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Inside Story: Data scientists’ salaries

Burtch Works, an executive recruitment agency specializing in big data and data science talent, recently released a couple of surveys that offer interesting insight into the data science job market, as well as the preferred modeling language/statistic tool for analytics professionals.

In its 2017 salary survey of data scientists, Burtch Works reported that salaries for early career data scientists decreased over the past 12 months. That may come as a surprise to companies struggling to find qualified candidates, as well as to freshly minted data scientists with high expectations, but there’s a logical reason for the finding. According to the study, big data hype is causing more data science hopefuls to enter the field, and the increase in supply is decreasing salaries at the junior end. Meanwhile, some data scientists are opting to skip the Ph.D. and go for a master’s degree as a faster route to the workplace, to capitalize on the numerous opportunities available.

Burtch Works also conducted a “flash survey” of more than a thousand data scientists and predictive analytics professionals to ascertain their preferred stat tool among SAS, R and Python. Among the findings:

  • Open source (specifically Python) support is highest in tech/telecom sector, which employs 41 percent of data scientists.
  • SAS preference is higher in more regulated industries such as pharma and financial services.
  • Data scientists (working with unstructured data) prefer Python at 69 percent.
  • Predictive analytics pros (structured data) prefer R (42 percent) and SAS (39 percent) almost equally.

I met Linda Burtch, founder and managing director of Burtch Works, at the INFORMS Conference on Business Analytics & O.R. in Las Vegas earlier this year. She was a panelist on “Growing an Analytics Team,” one of many great sessions at the conference. Linda offered plenty of insight, including this gem: More and more data scientists and other analytics professionals are listing “storytelling” among key skills on their resumes.

Which brings us to this issue of Analytics magazine. Along with articles on dark analytics, dark data, agriculture analytics and risk management amid global terrorism, the issue includes a lighter fare entrée by Esther Choy, president and chief story facilitator of the business communication training and consulting firm Leadership Story Lab. The title: “Data storytelling: No more criticism sandwiches.” Enjoy.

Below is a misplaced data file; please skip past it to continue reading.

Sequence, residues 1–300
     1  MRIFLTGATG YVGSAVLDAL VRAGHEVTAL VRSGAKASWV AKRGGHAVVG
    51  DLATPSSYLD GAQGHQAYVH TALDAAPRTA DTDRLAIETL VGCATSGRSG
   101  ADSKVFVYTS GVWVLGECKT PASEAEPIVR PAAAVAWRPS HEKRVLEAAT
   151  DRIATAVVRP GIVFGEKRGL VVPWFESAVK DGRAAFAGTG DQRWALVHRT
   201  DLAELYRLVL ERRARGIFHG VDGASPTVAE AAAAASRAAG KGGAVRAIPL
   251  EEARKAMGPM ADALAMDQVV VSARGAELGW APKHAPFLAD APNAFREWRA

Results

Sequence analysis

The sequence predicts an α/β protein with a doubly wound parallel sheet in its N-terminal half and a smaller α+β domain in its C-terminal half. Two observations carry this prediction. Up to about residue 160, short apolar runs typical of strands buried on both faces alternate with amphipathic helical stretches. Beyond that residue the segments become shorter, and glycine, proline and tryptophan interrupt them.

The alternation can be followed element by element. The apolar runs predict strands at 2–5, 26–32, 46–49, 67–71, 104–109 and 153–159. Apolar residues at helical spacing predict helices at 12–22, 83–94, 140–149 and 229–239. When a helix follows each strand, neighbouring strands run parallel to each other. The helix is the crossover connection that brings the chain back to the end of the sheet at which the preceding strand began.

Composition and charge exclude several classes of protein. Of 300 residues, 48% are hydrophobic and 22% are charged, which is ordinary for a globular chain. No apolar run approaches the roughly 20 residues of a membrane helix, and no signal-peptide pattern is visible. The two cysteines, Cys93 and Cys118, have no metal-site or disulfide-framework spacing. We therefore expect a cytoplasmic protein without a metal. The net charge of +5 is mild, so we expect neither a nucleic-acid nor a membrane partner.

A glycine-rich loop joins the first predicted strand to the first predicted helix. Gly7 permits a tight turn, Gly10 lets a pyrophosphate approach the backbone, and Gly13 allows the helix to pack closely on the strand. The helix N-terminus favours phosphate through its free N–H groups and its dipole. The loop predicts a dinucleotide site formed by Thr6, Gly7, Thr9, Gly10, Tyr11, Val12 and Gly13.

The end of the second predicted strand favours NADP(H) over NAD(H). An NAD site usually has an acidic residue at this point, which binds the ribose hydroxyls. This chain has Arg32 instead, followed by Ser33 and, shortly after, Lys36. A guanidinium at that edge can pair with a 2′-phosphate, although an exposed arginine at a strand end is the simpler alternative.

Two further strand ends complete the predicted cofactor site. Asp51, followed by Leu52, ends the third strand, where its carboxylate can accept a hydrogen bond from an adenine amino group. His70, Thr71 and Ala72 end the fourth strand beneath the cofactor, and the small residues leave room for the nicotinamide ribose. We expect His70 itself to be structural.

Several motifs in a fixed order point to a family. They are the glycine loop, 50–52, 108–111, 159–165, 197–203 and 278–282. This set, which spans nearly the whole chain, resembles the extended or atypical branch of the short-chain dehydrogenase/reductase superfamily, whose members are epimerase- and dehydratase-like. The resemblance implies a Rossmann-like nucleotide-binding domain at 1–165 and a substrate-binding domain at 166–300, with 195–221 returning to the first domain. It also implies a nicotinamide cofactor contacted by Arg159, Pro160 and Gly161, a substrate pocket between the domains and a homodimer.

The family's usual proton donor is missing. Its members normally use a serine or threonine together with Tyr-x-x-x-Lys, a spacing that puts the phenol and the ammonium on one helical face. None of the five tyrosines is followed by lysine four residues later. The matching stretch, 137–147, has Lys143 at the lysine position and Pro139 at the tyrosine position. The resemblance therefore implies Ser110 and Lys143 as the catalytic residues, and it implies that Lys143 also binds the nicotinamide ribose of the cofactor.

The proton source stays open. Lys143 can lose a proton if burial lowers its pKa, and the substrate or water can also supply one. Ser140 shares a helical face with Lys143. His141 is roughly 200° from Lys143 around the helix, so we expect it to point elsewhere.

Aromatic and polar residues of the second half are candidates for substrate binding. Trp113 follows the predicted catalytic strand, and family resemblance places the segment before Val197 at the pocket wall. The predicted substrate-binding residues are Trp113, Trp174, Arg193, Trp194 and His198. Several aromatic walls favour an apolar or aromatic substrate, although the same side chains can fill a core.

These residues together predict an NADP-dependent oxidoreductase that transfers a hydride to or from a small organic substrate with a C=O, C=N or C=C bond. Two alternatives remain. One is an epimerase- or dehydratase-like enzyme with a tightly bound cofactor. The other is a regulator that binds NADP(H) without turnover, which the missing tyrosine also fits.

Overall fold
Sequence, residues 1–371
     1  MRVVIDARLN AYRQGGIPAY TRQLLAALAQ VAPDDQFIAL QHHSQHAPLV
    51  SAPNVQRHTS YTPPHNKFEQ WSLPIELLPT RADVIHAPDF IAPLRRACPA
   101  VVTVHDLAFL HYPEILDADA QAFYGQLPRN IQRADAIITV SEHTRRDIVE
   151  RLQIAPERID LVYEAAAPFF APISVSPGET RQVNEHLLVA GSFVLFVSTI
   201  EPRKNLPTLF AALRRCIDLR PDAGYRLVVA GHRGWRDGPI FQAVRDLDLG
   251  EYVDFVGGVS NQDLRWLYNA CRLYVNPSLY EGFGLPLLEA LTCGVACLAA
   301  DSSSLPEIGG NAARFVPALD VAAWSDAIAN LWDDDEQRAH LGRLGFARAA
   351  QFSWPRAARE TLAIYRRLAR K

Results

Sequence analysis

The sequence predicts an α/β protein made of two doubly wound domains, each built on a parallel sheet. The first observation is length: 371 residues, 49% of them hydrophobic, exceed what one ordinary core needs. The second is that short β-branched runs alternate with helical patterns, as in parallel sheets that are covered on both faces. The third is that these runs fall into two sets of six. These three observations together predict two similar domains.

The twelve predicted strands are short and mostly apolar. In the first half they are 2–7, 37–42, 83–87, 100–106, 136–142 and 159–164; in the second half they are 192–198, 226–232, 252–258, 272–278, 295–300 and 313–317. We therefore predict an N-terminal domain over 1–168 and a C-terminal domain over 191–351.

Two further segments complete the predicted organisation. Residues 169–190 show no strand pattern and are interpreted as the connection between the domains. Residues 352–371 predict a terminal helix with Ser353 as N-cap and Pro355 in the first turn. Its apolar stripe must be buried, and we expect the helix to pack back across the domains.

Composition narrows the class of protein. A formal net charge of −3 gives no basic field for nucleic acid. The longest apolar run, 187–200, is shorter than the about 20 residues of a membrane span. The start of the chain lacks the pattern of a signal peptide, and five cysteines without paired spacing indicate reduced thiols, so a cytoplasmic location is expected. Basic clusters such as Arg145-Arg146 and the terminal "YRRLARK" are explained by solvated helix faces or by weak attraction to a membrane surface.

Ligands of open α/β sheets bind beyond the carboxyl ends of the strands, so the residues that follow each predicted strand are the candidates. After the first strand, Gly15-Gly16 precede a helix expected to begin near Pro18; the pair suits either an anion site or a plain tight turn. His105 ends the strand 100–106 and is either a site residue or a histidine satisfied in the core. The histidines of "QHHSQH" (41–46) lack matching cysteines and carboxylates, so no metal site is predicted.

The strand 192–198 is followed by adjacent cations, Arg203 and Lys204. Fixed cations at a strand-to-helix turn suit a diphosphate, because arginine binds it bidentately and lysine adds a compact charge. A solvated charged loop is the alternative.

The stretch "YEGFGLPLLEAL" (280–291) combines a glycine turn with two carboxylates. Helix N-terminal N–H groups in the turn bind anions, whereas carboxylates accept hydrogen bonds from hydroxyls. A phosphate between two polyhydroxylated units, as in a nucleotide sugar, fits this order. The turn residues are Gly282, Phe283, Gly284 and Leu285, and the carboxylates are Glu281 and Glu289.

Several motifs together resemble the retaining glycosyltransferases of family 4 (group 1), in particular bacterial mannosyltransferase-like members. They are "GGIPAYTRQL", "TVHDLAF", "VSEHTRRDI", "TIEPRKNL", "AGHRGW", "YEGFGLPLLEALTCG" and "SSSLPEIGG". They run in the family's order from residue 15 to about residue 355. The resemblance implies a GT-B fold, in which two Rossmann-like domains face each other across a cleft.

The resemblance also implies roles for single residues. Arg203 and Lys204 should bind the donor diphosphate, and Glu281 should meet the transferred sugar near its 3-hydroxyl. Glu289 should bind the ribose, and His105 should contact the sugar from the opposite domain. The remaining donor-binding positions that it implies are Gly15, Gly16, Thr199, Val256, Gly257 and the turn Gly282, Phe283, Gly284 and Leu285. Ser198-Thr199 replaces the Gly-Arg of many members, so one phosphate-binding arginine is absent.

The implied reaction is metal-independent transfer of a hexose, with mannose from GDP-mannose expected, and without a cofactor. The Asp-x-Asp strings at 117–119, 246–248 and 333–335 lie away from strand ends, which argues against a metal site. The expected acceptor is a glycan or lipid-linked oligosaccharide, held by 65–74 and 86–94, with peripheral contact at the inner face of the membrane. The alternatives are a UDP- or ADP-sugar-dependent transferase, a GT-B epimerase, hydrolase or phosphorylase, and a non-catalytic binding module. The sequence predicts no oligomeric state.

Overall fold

– Peter Horner, editor
peter.horner@mail.informs.org

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Headlines

Study: Salaries for early career data scientists decrease for first time

Salaries for early career data scientists decreased year over year for the first time in four years as did the percentage of early career data scientists with a Ph.D. while demand for data scientists continued to increase, according to a recently released Burtch Works’ 2017 salary study of data scientists. Salaries for more experienced data scientists generally held steady or increased slightly depending on an individual’s focus area, responsibility and geographic base, according to the report. Read more →

Generous health insurance plans encourage overtreatment, but may not improve health

Offering comprehensive health insurance plans with low deductibles and co-pay in exchange for higher annual premiums seems like a good value for the risk averse, and a profitable product for insurance companies. But according to a forthcoming study in a leading scholarly marketing journal, the INFORMS journal Marketing Science, such plans can encourage individuals with chronic conditions to turn to needlessly expensive treatments that have little impact on their health outcomes. This in turn raises costs for the insurer and future prices for the insured. Read more →

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